About national identity

About national identity

Seven Icons

“Seven Icons” is an installation where seven icons are arranged under a cresset and each of them represents one mortal sin. This work is not a critique of religion, but of the church as an institution that, in the name of faith, committed terrible crimes throughout history. False morality, whether it is a rich and powerful Catholic church that preaches modesty or debauchery of priests while preaching chastity, is presented through the characters of plastic dolls, Ken and Barbie instead of the characters of Christ, the Mother of God and saints.

Great Blessed Serbia

“Great Blessed Serbia” is a work that parodies issues related to nationalism and the glorification of Serbs. “Pieta” represents the Mother of God with a dead Chetnik (1. A Serbian nationalist belonging to a group that fought against the Turks before World War I and engaged in guerrilla warfare during both World Wars, 2. A member of a Serbian nationalist paramilitary group fighting or campaigning to retain Serbian influence in the countries which formerly constituted Yugoslavia), “Serbia to Tokyo” instead of a dove with an olive branch of peace, has an eagle with a poppy flower, and “With faith in God” vividly shows the false morality of both the church and its believers. With this work, patriotism is not the subject of ridicule. “Greater Blessed Serbia” criticizes xenophobia, violence and crime.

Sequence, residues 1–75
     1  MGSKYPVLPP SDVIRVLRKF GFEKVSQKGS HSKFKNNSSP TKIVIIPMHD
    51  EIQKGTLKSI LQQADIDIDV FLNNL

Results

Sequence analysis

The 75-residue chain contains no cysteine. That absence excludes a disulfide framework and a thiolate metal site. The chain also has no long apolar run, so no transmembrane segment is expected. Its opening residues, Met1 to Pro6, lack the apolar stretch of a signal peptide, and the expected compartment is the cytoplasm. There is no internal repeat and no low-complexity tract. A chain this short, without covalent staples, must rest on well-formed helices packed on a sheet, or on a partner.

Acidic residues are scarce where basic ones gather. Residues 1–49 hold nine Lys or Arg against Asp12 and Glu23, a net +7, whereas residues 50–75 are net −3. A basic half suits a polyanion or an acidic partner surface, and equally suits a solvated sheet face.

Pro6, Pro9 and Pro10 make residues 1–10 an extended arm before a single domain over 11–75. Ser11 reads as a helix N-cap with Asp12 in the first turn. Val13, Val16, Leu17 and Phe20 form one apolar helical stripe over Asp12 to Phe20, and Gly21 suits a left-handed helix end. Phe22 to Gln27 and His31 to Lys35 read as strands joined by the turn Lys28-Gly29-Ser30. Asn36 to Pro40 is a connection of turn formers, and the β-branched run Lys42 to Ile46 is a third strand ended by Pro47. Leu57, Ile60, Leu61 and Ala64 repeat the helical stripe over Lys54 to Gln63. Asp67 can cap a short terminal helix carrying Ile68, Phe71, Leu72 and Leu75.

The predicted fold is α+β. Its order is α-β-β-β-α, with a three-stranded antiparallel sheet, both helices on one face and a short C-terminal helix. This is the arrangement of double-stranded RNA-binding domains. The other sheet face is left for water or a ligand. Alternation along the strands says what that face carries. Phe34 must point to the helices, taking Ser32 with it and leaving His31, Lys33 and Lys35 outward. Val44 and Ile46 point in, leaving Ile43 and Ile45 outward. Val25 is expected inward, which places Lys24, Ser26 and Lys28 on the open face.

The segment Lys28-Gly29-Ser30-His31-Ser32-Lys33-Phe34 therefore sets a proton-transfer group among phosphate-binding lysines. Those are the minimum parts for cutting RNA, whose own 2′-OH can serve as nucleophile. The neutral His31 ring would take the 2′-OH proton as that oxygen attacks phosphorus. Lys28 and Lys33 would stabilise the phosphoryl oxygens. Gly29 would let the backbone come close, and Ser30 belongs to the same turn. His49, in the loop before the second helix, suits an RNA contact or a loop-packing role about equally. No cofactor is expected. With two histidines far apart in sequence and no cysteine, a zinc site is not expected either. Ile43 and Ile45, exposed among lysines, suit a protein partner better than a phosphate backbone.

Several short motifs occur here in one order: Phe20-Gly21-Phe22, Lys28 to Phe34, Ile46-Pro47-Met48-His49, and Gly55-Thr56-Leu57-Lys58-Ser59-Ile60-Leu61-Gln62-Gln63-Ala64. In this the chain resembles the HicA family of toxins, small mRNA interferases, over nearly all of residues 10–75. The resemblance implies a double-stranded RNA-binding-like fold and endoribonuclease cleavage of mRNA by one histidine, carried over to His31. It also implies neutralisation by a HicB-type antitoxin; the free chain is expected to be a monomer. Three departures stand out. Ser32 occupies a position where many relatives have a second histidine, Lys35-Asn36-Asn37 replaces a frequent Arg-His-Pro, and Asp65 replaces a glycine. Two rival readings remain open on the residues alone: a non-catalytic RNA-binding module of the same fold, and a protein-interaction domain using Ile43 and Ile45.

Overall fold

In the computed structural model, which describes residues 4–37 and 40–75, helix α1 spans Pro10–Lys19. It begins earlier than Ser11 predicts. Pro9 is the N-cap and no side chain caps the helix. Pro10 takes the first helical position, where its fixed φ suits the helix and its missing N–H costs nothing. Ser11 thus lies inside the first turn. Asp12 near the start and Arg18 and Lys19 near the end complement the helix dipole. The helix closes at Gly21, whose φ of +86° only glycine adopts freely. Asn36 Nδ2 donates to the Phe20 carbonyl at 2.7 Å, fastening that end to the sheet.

Turbo folk Apologia

Turbo folk Apologia, 19′ 5”, 2009

This video has a form of a TV show from the parallel universe called Planet’s Trend, and the episode carries an ironic name ‘’Turbo folk Apologia’’. The TV presenter, who, subjected to various plastic surgeries and no longer able to have the facial expressions, on one hand mimics the appearance of a turbo folk star, while on the other, is quoting Baudrillard. In this work, in 2008, scientists from CERN mistakenly had created a black hole through which the Earth has passed and appeared in the parallel universe, next to the planet almost identical to ours, albeit with difference in some historical events. There, neither the war in Yugoslavia, nor turbo folk has happened. Our Earth has remained without sentient beings, only with artefacts as the residuals of the missing civilization. In the attempt to reconstruct the historical and cultural development, the beings from another planet have come to the wrong conclusion that turbo folk, as an important cultural phenomenon, represents the climax of postmodern art.

The work is also an allusion to the evaluation of cultural heritage, norms, making judgments, as well as the expansion of certain information and views with public. The undisputed influence of turbo folk to the whole generation that grew up in the 90s in Serbia, even to those who have built their identity opposing it, is visible and recognizable, at the visual or aesthetic level, as well as the political, i.e. national: turbo folk had exclusive right to the appearance in the media while the rest were pushed to the margins.

This project is not only a personal story, it is global and as well as local, “glocal“. As things are much more drastic and transparent in totalitarian regimes, thus turbo folk reflects the state of affairs in a broader aspect. This narrative emphasizes the story where authorities create cultural paradigms, but also reflect the Western empire image in a distorted mirror. Turbo folk, as a bare form of capitalist society, is also its mutated product.